Mohandas K. Gandhi, also known as Mahatma Gandhi, is one of the most well-remembered historical figures out there, but The Sisterhood of the Traveling Pantsuits Theatre Collective thinks feminists may see his story differently.
“#GetGandhi: A Seriously Radical Feminist Comedy” written by Anne Galjour and directed by Nancy Carlin is playing at Z Below in San Francisco through Aug. 26. Set in San Francisco, it tells the story of a group of feminists who set out to take Gandhi off of his pedestal — literally. They plot to take down the statue of him located along the Embarcadero near the Ferry Building. The group is motivated to do so after learning of one of Gandhi’s experiments in celibacy — he would order young women to undress and sleep naked next to him. Gandhi allegedly saw this as a way to prove his celibacy, but the feminists of the play see this as a form of sexual assault.
This play brings feminist issues to the forefront of conversation, diving much deeper than just Gandhi’s story. But with Gandhi as the center of the plot, this story is missing one key component: a diverse voice, particularly one of Indian heritage. By maintaining a cast of characters that lacks racial diversity, “#GetGandhi” dilutes its own message and fails to reach the potential of the clever script.
Galjour’s script is one of the biggest strengths of this play. It is incredibly smart and witty, often tweaking everyday phrases to match the devoted feminism of the core characters — for example, they consistently say “oh, my goddess” throughout the play. The script also efficiently uses the Gandhi debate as a foundation for broader feminist issues, successfully bringing attention to incidents of sexual assault that aren’t rape but still need to be discussed. Each of the characters are fleshed out and distinct, each contributing to compelling interactions within the plot. But these characters are all white and, consequently, as a collective, present a selective, exclusionary version of feminism.
One of the central feminists, Helen (Jeri Lynn Cohen) must deal with the pushback of her husband, Bob (Howard Swain), who can’t quite let go of his admiration for Gandhi. Bob is representative of a man who claims he is “proud to be a feminist” yet doesn’t support his wife’s efforts to remove the statue, instead calling her irrational. During their argument, Bob points out that Gandhi’s culture is different from theirs.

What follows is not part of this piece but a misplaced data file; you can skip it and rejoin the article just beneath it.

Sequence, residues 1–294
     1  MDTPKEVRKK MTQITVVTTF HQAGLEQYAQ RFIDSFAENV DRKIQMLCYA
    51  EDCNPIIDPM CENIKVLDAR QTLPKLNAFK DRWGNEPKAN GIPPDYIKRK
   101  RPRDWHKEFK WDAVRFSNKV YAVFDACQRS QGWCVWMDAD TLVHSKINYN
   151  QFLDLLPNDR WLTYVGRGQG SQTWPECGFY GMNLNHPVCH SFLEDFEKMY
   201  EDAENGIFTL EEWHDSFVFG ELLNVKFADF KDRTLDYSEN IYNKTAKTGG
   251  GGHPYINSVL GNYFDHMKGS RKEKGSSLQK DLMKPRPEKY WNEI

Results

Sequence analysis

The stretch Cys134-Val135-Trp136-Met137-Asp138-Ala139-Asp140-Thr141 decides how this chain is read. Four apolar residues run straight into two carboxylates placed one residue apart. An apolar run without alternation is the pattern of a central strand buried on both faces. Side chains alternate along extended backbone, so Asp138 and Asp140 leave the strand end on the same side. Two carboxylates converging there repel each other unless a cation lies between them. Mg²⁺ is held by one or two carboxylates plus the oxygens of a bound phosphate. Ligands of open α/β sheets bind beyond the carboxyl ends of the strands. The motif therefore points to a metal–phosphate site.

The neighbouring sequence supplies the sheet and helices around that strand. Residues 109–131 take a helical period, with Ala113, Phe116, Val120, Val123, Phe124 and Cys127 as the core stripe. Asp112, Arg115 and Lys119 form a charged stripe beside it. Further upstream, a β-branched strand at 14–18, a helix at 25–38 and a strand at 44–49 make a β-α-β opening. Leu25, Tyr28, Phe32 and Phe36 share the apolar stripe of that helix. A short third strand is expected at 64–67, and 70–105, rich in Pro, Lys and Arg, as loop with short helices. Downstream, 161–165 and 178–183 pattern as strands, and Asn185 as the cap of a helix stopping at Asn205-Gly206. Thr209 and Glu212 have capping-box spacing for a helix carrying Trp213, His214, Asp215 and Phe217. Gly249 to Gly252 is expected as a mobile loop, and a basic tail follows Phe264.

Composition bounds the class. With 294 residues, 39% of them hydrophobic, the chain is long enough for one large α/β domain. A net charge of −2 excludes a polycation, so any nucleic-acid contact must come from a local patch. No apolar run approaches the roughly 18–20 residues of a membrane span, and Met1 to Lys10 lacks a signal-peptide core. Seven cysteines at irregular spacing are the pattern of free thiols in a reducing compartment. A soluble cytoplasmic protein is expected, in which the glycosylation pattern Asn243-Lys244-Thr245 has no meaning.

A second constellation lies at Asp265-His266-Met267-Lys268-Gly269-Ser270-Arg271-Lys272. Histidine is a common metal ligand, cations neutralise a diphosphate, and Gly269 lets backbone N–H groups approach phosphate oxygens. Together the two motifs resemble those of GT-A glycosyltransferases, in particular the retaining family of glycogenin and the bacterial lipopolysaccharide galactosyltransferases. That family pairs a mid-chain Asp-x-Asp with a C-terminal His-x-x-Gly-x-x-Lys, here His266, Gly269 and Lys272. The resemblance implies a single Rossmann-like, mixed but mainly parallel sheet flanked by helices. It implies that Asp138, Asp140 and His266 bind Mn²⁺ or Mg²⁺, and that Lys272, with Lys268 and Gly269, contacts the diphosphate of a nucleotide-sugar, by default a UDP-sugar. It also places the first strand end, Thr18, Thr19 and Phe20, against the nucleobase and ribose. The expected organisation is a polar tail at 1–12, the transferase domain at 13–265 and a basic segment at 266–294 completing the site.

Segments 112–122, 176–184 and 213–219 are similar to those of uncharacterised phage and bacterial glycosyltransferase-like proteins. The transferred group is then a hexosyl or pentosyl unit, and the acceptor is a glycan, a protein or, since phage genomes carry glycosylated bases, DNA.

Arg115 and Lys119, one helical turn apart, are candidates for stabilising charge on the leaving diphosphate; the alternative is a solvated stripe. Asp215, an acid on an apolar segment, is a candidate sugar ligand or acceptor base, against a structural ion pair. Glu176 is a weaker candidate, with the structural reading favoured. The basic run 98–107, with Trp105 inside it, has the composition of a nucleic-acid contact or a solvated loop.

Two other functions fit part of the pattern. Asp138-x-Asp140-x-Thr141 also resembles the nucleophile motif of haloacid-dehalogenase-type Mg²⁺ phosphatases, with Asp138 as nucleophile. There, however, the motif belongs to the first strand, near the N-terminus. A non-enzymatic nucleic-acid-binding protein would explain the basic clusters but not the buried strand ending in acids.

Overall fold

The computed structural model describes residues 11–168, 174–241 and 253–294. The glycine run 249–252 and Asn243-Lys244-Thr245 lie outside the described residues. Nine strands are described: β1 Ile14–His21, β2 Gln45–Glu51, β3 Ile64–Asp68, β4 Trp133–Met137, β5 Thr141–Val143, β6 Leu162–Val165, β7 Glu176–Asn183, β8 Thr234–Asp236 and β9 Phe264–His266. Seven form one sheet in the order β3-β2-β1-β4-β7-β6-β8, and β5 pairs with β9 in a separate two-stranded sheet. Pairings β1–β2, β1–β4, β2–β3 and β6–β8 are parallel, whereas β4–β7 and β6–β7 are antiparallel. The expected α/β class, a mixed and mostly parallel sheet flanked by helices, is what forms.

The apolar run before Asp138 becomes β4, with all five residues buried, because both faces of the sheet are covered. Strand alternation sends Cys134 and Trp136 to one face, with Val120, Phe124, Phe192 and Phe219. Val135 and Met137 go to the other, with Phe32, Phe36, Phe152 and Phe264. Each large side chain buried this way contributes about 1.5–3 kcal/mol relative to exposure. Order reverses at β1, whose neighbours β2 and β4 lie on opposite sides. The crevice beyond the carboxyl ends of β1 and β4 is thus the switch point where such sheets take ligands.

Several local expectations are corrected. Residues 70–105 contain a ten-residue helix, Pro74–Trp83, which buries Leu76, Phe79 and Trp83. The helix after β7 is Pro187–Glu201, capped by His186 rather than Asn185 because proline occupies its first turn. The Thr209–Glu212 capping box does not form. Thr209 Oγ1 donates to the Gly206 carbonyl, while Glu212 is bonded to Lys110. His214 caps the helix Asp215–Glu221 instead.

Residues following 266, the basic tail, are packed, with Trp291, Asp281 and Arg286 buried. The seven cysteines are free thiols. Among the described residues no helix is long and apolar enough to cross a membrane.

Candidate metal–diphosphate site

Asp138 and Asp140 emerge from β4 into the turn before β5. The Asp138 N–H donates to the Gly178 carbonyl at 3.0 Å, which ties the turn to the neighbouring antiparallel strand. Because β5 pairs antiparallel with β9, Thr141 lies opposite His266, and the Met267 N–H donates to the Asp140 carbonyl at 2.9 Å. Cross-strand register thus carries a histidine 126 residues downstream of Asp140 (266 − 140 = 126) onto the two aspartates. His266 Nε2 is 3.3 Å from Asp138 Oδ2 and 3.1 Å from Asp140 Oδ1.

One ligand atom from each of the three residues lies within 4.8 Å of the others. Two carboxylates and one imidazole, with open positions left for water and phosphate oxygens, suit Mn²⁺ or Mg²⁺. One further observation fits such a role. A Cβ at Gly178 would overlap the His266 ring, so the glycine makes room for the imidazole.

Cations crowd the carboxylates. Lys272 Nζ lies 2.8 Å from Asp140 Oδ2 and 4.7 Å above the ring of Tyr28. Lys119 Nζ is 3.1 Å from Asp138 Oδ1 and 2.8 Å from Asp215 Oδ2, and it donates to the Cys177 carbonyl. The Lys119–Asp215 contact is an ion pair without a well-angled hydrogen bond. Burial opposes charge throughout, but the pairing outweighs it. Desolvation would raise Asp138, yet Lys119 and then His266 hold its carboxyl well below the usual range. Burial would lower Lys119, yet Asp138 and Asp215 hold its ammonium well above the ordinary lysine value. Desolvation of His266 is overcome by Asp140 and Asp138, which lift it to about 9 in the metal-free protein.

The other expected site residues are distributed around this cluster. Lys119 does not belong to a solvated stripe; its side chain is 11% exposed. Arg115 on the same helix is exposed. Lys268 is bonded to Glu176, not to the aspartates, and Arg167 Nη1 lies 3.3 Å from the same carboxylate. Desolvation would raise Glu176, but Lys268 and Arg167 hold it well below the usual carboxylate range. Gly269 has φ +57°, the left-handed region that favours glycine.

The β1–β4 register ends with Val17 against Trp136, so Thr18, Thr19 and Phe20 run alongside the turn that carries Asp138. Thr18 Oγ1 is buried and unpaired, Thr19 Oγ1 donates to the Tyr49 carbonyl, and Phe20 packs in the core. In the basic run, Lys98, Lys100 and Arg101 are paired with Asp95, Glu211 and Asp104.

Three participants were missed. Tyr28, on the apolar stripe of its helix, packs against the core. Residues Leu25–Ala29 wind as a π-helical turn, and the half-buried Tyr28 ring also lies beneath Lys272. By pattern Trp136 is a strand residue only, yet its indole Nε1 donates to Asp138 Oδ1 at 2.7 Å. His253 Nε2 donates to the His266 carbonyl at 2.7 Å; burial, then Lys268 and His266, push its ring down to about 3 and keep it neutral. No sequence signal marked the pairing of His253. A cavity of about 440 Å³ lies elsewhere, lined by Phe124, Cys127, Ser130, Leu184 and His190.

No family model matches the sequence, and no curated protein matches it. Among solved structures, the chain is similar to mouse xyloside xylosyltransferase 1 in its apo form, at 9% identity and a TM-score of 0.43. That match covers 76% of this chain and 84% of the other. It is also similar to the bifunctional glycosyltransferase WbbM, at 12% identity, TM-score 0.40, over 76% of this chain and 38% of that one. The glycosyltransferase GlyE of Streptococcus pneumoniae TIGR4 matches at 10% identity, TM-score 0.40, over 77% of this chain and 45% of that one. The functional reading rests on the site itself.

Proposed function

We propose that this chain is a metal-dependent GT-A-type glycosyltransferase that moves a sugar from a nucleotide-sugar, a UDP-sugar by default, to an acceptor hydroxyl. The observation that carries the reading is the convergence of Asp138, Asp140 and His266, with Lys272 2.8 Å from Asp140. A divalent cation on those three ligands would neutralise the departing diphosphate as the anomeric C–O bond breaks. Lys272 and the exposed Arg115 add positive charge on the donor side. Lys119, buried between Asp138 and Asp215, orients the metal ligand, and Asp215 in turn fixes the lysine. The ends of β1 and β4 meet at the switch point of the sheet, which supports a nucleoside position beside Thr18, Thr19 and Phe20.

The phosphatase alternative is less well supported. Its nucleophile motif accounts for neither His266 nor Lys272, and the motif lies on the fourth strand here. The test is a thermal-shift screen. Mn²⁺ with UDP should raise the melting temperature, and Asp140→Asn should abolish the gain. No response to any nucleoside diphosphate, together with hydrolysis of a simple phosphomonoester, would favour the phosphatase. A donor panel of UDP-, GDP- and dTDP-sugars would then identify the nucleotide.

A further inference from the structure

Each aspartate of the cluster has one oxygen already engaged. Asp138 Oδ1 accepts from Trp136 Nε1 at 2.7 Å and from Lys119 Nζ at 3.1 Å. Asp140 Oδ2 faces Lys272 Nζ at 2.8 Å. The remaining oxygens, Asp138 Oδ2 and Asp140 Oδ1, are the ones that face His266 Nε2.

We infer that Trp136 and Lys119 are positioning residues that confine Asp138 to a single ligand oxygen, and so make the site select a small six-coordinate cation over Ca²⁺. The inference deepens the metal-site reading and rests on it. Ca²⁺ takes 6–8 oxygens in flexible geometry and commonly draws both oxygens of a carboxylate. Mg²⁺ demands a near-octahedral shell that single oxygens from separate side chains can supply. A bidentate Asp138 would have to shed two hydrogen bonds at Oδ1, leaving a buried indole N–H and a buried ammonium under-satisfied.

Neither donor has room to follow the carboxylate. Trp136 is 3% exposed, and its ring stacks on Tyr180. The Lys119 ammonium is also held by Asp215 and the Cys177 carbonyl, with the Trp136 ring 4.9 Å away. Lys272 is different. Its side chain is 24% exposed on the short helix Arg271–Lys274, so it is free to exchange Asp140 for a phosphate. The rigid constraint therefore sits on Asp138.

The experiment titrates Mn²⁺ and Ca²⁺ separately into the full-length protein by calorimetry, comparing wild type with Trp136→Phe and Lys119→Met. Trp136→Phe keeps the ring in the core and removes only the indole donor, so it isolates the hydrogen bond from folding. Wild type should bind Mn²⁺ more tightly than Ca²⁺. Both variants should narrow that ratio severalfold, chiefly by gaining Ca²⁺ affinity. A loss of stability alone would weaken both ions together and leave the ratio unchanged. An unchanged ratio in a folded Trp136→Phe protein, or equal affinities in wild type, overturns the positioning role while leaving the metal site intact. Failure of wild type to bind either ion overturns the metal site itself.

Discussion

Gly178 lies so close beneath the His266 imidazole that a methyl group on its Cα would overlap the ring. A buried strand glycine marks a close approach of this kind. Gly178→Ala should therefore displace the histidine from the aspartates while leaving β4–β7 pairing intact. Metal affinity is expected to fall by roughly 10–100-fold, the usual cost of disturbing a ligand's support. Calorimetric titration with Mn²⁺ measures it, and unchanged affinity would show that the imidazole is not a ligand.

Bob may be wrong in this debate, choosing a historical figure’s side over his wife’s, but he is right in pointing this out. His comment is the closest the play gets to addressing the fact that the entire scheme is based around a culture the play’s characters aren’t a part of. There is no excuse for a lack of diversity in this production.
Despite this glaring flaw in the play’s groundwork, many of the smaller details of the production are done quite well. All of the cast members are evidently talented, taking on the roles they were given with ease. They employ the clever dialogue expertly to make for fast-moving scenes and presenting a captivating onstage group dynamic. The three feminists — Helen, Maya (Miranda Swain) and Miriam (Patricia Silver) — have palpable chemistry together, spanning a wide age range and representing feminist views at different stages of life.
“#GetGandhi” is full of feminist topics that need to be talked about. It weaves different layers of feminism together in a way that is fascinating and thought-provoking. The play has the potential to be the radical feminist comedy that it wants to be, but its crucial lack of intersectionality distracts from the elements it gets right. Feminism is important, but inclusive feminism is more so and “#GetGandhi” subverts itself by letting that imperative detail slip by unaccounted for.
“#GetGandhi: A Seriously Radical Feminist Comedy” is playing at Z Below through Aug. 26.